Let­ter to my Mum

Kent Life - - On The Mic -

‘I hope they’re spoil­ing you rot­ten, no more slav­ing away in a hot kitchen’

Andy raises a small glass of medium sherry to his beloved Mum, who will be so missed this Christ­mas

I’m miss­ing you... Dear Mum, This is the first Christ­mas you haven’t been here. We’ve spent Christ­mases apart be­fore of course, in­evitable in this mod­ern era of ge­o­graph­i­cally dis­parate fam­i­lies. But you’ve al­ways been there, if not in per­son, then al­ways on the end of the phone, the en­dur­ing moth­erly prom­ise of a sea­son’s greet­ings and a spir­ited ren­di­tion of We wish you a Merry Christ­mas. And now you’re not, and I miss you.

Never again will I get the chance to see your plate piled high with Christ­mas fare, tee­ter­ing moun­tains of veg and great slabs of meat all swim­ming in lovely unc­tu­ous gravy.

Af­ter­wards, your dish would al­ways be cleared, not a scrap wasted, I fully un­der­stood why you were like this –grow­ing up in the 1930s and 40s, life was hard and food was scarce; if it was put in front of you, you ate it.

But come Christ­mas, food was a treat to savour, the meat to be com­mented upon. Ten­der, melt-inthe-mouth and flavour­some, with any­thing left over from the turkey car­cass care­fully pack­aged away for ‘cold’ later in the day.

You had a sweet tooth too, right to the end. Qual­ity Street and sug­ared al­monds bought well in ad­vance, but never again will you tuck into the dark, fruity Christ­mas pud­ding and re­count the fa­mil­iar fam­ily story of Un­cle Bob pulling a ten-shilling note from the cream and brandy but­ter in his bowl to the ex­cited de­light of my older sib­lings and cousins.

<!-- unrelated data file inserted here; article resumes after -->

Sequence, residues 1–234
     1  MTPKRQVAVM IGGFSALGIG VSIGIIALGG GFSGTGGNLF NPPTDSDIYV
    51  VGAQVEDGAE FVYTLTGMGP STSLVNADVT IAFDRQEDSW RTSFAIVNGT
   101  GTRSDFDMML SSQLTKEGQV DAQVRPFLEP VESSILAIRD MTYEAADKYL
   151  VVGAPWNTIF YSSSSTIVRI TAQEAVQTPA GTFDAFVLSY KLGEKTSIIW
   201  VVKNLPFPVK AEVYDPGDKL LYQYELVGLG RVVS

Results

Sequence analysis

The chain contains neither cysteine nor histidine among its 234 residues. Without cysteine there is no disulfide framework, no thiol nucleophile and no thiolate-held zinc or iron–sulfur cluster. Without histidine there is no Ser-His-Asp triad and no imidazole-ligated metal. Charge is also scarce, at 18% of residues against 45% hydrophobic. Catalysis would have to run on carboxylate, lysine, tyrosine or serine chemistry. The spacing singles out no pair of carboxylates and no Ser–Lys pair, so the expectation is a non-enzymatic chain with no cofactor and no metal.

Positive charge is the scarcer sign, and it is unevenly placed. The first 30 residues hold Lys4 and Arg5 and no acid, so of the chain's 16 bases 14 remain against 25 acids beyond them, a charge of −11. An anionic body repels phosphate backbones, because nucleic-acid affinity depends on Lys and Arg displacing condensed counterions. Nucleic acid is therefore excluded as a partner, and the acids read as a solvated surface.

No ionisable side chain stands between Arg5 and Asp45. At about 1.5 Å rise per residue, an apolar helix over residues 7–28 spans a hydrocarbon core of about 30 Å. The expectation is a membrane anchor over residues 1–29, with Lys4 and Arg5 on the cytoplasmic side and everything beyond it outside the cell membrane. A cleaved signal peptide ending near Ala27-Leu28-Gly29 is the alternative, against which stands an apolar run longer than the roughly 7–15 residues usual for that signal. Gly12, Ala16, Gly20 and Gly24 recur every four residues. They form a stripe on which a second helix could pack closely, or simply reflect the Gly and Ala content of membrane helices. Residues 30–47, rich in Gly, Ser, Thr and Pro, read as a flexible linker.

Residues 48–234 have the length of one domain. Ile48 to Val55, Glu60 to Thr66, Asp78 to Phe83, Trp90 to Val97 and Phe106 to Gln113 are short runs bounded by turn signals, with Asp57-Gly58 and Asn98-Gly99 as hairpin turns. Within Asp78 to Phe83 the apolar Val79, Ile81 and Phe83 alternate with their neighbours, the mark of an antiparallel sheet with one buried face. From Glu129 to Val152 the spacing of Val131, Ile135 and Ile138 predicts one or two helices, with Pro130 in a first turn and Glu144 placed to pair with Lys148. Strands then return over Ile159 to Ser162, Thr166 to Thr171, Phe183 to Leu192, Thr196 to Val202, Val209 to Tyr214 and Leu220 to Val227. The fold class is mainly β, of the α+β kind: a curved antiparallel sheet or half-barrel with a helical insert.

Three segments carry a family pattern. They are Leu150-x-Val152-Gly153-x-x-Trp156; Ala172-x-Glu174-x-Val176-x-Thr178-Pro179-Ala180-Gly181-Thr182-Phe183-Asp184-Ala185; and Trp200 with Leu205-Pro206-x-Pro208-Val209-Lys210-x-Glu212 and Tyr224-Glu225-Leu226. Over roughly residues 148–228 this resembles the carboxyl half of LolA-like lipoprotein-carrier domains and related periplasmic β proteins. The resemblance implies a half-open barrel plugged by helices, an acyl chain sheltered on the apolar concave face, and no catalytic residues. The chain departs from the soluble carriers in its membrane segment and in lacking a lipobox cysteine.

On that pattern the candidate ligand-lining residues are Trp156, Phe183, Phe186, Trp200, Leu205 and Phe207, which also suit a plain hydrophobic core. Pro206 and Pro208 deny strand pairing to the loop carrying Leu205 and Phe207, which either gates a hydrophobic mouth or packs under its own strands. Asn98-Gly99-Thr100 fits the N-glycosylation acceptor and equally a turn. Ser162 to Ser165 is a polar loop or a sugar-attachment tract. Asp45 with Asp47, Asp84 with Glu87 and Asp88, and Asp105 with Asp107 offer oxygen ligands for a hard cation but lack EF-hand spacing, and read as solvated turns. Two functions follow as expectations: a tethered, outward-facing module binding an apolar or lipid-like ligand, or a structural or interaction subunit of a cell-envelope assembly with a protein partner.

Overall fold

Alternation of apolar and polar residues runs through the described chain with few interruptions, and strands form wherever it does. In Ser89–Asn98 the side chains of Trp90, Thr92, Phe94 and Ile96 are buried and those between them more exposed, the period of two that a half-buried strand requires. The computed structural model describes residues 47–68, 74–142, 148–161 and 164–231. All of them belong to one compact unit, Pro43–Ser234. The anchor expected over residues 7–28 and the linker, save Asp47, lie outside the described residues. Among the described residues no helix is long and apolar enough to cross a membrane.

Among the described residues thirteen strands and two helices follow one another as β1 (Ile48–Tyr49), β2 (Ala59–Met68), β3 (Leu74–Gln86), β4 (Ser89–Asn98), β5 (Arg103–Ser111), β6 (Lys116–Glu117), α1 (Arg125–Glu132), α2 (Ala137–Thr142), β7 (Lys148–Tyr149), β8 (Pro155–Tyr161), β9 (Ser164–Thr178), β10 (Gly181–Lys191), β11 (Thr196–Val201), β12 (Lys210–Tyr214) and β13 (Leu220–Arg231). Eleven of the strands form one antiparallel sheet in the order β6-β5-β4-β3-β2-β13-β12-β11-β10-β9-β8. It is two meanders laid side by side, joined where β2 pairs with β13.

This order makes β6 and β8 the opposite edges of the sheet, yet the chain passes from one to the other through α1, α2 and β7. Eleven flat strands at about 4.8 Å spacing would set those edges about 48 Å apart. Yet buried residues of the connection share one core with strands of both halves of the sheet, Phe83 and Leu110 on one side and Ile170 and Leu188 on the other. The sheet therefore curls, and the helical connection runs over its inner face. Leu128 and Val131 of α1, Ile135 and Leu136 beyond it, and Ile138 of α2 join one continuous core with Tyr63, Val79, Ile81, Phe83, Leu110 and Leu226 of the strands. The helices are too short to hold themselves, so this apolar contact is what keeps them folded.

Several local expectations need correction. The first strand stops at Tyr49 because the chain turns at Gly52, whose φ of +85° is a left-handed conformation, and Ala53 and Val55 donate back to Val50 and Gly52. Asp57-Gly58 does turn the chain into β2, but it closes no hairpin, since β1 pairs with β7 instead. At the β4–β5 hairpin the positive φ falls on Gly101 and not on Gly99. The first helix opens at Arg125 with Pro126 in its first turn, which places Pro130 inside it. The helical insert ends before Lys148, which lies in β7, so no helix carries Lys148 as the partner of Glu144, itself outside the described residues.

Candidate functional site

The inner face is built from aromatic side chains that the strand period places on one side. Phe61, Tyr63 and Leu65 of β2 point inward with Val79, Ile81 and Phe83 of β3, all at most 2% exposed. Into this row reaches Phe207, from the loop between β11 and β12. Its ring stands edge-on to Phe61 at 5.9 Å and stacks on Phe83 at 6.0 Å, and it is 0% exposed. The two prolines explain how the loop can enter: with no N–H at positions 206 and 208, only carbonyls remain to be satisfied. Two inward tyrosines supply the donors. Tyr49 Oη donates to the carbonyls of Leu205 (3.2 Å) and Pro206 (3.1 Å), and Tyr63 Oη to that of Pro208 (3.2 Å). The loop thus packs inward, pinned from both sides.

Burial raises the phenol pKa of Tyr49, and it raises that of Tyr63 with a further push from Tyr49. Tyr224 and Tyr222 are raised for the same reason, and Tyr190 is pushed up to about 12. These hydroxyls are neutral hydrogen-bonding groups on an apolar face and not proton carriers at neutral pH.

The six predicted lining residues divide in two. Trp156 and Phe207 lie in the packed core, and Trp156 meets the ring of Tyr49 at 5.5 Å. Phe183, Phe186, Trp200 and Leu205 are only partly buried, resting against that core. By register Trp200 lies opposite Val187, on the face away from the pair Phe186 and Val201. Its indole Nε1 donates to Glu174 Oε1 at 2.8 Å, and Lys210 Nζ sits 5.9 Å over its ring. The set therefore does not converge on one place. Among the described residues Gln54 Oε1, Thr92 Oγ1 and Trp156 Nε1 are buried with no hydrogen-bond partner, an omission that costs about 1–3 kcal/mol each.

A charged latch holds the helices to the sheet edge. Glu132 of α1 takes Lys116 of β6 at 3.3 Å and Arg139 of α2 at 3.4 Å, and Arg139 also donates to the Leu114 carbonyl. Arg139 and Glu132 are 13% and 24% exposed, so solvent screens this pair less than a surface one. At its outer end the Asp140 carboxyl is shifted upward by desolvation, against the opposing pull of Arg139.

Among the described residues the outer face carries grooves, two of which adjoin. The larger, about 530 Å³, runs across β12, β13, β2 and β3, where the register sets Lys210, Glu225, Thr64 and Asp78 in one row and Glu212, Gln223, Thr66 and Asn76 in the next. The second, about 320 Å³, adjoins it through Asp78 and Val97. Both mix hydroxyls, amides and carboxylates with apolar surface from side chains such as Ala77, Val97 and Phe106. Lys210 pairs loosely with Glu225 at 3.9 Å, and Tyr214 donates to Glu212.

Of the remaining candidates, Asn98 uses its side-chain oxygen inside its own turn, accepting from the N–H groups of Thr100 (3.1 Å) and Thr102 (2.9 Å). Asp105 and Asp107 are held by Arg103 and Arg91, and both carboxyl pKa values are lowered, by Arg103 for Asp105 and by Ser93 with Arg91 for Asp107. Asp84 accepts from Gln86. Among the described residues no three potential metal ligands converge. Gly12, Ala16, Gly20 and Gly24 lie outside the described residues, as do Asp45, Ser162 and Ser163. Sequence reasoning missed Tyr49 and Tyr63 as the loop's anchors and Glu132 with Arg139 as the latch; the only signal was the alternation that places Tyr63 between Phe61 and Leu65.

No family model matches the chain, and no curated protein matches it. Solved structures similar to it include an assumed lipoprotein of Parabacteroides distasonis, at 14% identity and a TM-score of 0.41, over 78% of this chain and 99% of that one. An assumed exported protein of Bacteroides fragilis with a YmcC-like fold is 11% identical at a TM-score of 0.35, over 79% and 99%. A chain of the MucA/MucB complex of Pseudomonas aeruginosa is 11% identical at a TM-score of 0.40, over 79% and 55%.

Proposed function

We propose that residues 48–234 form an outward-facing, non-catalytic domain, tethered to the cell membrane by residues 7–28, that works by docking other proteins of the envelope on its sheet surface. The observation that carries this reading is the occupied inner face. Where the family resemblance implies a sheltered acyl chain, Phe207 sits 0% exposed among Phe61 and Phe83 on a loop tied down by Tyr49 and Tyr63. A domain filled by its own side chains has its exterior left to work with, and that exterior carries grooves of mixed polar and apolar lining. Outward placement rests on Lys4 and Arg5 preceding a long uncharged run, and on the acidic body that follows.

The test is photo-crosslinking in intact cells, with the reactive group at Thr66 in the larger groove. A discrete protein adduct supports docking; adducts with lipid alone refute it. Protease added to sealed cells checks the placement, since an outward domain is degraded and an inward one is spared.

My ear­li­est me­mories of Christ­mas are our house full of Un­cles and Aun­ties. All gone now, as you your­self said so poignantly, you were the last one, out­liv­ing them all and Dad and two of your own chil­dren. You al­ways be­lieved you would meet them again – and I truly be­lieve this Christ­mas you’re sur­rounded by ev­ery­one who’s ever loved you. Well al­most ev­ery­one.

I hope they’re spoil­ing you rot­ten too, no more slav­ing away in a hot kitchen. I’m imag­in­ing you on Christ­mas morn sip­ping dain­tily on a small, medium sherry. Do they have sherry in heaven? I hope so, you’d like that. The last one wear­ing their Christ­mas hat, a tra­di­tion I’ve qui­etly tried to con­tinue.

You were al­ways up for post­meal game time. Cards usu­ally, Whot!, Knock­out whist, Rummy or New­mar­ket – never for money, only for match­sticks. Tra­di­tional board games too, like Topps, Scrab­ble or Mo­nop­oly.

I wish we could play now. I wish we could do any­thing to­gether, I wish you could see how the girls are grow­ing up. You would love the fact that num­ber two is play­ing foot­ball. I can imag­ine you on the touch­line on Box­ing Day, shout­ing en­cour­age­ment like you did for me.

Things are dif­fer­ent now Mum; you have to let the coaches do the coach­ing and you can’t ber­ate the ref any more! That’s not good sport.

I’m pic­tur­ing you in the win­ter cold, your long coat and warm fleece-lined brown boots, stamp­ing to keep warm, but never miss­ing a game. Come rain, wind or shine you’d be there and ever present. And now you’re gone.

Ex­cept that you’re not gone, are you? Not re­ally. How can you be, when I can con­jure up all these tiny de­tails in an in­stant?

I ex­pect I’ll glance to my left in church this ad­vent, smil­ing as we draw a deep breath for the des­cant of Ding Dong Mer­rily on High. I’ll look and you won’t be there, ex­cept that you will be, in my heart, now and al­ways.

Happy Christ­mas Mum. I miss you.



Andy Gar­land

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